Journal of Marine Science and Application

, Volume 11, Issue 3, pp 335–340 | Cite as

Operational options for green ships

  • Salma Sherbaz
  • Wenyang Duan
Research Paper


Environmental issues and rising fuel prices necessitate better energy-efficiency in all sectors. The shipping industry is one of the major stakeholders, responsible for 3% of global CO2 emissions, 14%–15% of global NO X emissions, and 16% of global SO X emissions. In addition, continuously rising fuel prices are also an incentive to focus on new ways for better energy-effectiveness. The green ship concept requires exploring and implementing technology on ships to increase energy-efficiency and reduce emissions. Ship operation is an important topic with large potential to increase cost-and-energy-effectiveness. This paper provided a comprehensive review of basic concepts, principles, and potential of operational options for green ships. The key challenges pertaining to ship crew i.e. academic qualifications prior to induction, in-service training and motivation were discussed. The author also deliberated on remedies to these challenges.


green ship ship operational efficiency weather routing slow steaming trim optimization 


Unable to display preview. Download preview PDF.

Unable to display preview. Download preview PDF.


  1. Ballou P, Chen H, Horner JD (2008). Advanced methods of optimizing ship operations to reduce emissions detrimental to climate change. OCEANS 2008, Quebec, Canada, 1–12.Google Scholar
  2. Bilgen S, Keleş S, Kaygusuz A, Sarı A, Kaygusuz K (2008). Global warming and renewable energy sources for sustainable development: A case study in Turkey. Renewable and Sustainable Energy Reviews, 12(2), 372–396.CrossRefGoogle Scholar
  3. Bode S, Isensee J, Krause K, Michaelowa A (2002). Climate policy: analysis of ecological, technical and economic implications for international maritime transport. International Journal of Maritime Economics, 4, 164–184.CrossRefGoogle Scholar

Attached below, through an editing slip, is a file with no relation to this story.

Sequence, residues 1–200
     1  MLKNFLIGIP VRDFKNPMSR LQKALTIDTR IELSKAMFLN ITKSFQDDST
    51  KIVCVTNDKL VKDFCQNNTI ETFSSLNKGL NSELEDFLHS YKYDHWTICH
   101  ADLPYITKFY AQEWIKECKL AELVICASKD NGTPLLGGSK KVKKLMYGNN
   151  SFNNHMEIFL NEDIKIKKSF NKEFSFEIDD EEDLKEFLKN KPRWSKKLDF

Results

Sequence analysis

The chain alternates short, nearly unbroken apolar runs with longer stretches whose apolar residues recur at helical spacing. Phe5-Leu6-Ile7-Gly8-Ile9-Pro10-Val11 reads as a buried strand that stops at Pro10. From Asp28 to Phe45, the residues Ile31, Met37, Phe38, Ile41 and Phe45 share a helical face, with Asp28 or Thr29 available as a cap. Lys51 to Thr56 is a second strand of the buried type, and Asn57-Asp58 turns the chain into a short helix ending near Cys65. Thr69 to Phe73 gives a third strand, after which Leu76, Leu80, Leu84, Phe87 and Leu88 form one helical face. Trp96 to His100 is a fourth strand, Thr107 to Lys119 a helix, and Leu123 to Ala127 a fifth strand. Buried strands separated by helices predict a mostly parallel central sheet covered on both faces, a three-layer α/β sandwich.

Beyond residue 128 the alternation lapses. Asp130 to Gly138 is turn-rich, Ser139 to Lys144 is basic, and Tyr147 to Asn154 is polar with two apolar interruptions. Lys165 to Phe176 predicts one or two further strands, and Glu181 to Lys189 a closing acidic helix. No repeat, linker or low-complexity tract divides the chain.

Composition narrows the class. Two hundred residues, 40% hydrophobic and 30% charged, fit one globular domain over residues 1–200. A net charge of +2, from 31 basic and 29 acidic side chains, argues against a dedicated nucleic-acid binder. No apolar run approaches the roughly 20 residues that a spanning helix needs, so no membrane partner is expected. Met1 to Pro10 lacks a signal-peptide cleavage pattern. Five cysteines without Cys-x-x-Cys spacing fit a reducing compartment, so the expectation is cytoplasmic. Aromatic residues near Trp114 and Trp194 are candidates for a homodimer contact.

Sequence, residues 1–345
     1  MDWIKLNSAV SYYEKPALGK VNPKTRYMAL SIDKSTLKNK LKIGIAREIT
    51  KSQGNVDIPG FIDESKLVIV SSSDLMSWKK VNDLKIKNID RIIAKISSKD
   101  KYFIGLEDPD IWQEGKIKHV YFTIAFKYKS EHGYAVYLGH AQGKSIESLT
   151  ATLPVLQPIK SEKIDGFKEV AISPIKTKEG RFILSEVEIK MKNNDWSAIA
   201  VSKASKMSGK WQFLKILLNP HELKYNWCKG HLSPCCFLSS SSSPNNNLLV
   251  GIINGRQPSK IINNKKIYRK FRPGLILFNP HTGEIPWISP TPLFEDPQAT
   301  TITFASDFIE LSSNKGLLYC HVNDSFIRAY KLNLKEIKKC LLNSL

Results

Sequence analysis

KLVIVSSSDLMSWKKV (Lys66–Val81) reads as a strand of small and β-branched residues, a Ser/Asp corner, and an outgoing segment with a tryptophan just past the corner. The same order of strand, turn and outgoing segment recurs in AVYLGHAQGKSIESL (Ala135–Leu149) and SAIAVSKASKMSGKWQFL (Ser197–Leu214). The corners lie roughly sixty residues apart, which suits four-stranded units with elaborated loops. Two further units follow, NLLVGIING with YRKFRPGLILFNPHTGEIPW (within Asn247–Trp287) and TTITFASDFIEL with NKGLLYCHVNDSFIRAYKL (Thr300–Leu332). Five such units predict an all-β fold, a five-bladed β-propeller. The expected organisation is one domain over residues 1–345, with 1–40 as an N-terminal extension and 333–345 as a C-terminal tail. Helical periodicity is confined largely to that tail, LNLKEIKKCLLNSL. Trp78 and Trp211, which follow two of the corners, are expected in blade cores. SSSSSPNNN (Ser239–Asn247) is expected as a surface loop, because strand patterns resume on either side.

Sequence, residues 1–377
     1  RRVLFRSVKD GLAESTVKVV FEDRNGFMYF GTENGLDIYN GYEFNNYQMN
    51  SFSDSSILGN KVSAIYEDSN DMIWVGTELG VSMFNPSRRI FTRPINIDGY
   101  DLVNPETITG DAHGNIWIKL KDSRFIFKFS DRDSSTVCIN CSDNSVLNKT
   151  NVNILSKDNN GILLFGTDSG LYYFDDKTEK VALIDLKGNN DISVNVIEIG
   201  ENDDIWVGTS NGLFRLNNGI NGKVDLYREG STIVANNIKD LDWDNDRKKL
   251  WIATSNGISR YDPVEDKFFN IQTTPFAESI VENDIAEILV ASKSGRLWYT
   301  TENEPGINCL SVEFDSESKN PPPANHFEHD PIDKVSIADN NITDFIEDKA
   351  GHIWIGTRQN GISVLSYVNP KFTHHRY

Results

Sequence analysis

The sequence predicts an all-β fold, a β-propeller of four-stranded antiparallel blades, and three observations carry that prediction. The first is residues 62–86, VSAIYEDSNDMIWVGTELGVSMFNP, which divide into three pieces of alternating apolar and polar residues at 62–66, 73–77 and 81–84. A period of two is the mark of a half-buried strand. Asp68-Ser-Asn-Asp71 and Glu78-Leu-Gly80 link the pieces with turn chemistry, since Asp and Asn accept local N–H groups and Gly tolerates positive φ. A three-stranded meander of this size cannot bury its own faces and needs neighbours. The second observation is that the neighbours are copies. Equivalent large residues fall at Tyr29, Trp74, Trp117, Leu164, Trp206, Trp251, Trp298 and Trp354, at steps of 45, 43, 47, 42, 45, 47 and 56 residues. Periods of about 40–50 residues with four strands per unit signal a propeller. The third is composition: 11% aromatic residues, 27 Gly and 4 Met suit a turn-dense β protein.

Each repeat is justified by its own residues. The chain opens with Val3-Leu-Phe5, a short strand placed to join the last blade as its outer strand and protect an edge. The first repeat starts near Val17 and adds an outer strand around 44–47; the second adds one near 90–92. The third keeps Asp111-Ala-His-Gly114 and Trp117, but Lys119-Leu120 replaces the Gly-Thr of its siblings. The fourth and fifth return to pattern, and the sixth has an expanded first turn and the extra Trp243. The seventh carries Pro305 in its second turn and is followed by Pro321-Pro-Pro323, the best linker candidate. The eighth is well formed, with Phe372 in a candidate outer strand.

4. Broersma G, Tasseron K (1967). Propeller maintenance, propeller efficiency and blade roughness. International Shipbuilding Progress, 14, 347–356.Google Scholar
  5. Brønmo G, Nygreen B, Lysgaard J (2010). Column generation approaches to ship scheduling with flexible cargo sizes. European Journal of Operational Research, 200(1), 139–150.CrossRefGoogle Scholar
  6. Buhaug Ø, Corbett JJ, Endresen Ø, Eyring V, Faber J, Hanayama S, Lee DS, Lee D, Lindstad H, Mjelde A, Pålsson C, Wanquing W, Winebrake JJ, Yoshida K (2009). Second IMO GHG study. International Maritime Organization (IMO), London, UK, 1–40, 46–51, 185–200.Google Scholar
  7. Callow ME (1996). Ship-fouling: the problem and method of control. Biodeterioration Abstracts, 10, 411–421.Google Scholar
  8. Cariou P (2011). Is slow steaming a sustainable means of reducing CO2 emissions from container shipping? Transportation Research Part D: Transport and Environment, 16, 260–264.CrossRefGoogle Scholar
  9. Cooper DA (2003). Exhaust emissions from ships at berth. Atmospheric Environment, 37, 3817–3830.CrossRefGoogle Scholar
  10. Corbett JJ, Wangb H, Winebrake JJ (2009). The effectiveness and costs of speed reductions on emissions from international shipping. Transportation Research Part D: Transport and Environment, 14(8), 593–598.CrossRefGoogle Scholar
  11. EIA (2010). International energy outlook report. U.S. Energy Information Administration, Washington DC, USA, 10–20.Google Scholar
  12. Endresen Ø, Sørgård E, Behrens HL, Brett PO, Isaksen ISA (2007). A historical reconstruction of ships’ fuel consumption and emissions. Journal of Geophysical Research, 112, D12301.CrossRefGoogle Scholar
  13. Eyring V, Köhler HW, Lauer A, Lemper B (2005). Emissions from international shipping: 2. Impact of future technologies on scenarios until 2050. Journal of Geophysical Research, 110, D17306.CrossRefGoogle Scholar
  14. Faber J, Freund M, Köpke M, Nelissen D (2010). Going slow to reduce emissions. Seas at Risk, Delft, Netherlands, 6–29.Google Scholar
  15. Fossen TI (1994). Guidance and control of ocean vehicles. John Wiley & Sons, Somerset, USA, 50–140.Google Scholar
  16. Green EH, Winebrake JJ, Corbett JJ (2008). Opportunities for reducing greenhouse gas emissions from ships. Energy and Environmental Research Associates, New York, USA, IMO MEPC 58 (MEPC 58/INF.21).Google Scholar